|Merchandise trade Balance - level||NZ$100M||NZ$-59M||NZ$350M||NZ$371M|
|Exports - M/M percent change||-2.9%||5.5%||5.4%|
|Exports - Y/Y percent change||1.3%||-4.7%||-4.7%|
|Imports - M/M percent change||7.6%||1.5%||0.9%|
|Imports - Y/Y percent change||9.0%||-6.9%||-7.4%|
The June merchandise trade deficit was NZ$59 million -- the first deficit for a June month since 2009. Overall goods exports rose 1.3 percent on the year despite milk powder, butter and cheese exports being down NZ$320 million. Logs, meat and fruit led the rise. Monthly imports rose 9.0 percent compared with June 2014. This was despite the import of large aircraft in June last year and no similar imports this June. The rise was across a range of commodities, including consumption goods from China and machinery and plant from China.
Goods exports to China rose NZ$20 million from June 2014 to reach NZ$699 million in June 2015. The rise was over a range of commodities including logs, meat and fruit. Between September 2014 and May 2015, exports to China fell an average of NZ$373 million a month when compared with the same month in the previous year. Exports to Australia, our largest export partner (annually), fell an average of NZ$43 million a month over that time.
Seasonally adjusted quarterly goods exports were up 0.4 percent from the March 2015 quarter to NZ$12.2 billion in the June 2015 quarter. Fruit exports rose, while milk powder, butter and cheese fell. Quarterly goods imports also rose 0.4 percent. Capital goods imports gained while intermediate and consumption goods fell. The seasonally adjusted quarterly trade deficit was NZ$460 million. This is the fifth consecutive quarterly trade deficit. The last surplus was in the March 2014 quarter.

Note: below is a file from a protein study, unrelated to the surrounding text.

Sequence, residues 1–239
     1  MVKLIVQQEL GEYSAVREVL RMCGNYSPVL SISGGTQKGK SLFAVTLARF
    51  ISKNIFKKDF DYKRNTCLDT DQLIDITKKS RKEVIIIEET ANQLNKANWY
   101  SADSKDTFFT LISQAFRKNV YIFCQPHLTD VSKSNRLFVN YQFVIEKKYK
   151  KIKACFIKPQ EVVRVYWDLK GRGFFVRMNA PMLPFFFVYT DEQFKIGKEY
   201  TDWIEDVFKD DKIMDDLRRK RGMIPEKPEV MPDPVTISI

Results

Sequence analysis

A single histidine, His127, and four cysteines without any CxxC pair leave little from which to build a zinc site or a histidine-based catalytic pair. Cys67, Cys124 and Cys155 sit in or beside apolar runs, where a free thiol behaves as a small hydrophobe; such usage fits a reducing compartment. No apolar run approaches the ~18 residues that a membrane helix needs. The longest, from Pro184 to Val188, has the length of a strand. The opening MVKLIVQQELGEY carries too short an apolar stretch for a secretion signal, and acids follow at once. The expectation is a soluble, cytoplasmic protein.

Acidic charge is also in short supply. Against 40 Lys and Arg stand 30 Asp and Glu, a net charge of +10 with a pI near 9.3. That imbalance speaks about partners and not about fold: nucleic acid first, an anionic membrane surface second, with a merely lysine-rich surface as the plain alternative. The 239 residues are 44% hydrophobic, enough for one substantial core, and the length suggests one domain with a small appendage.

The international trade balance measures the difference between imports and exports of both tangible goods and services. Imports may act as a drag on domestic growth and they may also increase competitive pressures on domestic producers. Exports boost domestic production. Trade balance values are calculated by deducting imports (cif) from exports (fob).
Changes in the level of imports and exports, along with the difference between the two (the trade balance) are a valuable gauge of economic trends here and abroad. While these trade figures can directly impact all financial markets, they primarily affect the value of the NZ dollar in the foreign exchange market. Imports indicate demand for foreign goods in New Zealand. Exports show the demand for NZ goods in countries overseas. The currency can be sensitive to changes in the trade deficit run by New Zealand since this trade imbalance creates greater demand for foreign currencies. The bond market is also sensitive to the risk of importing inflation.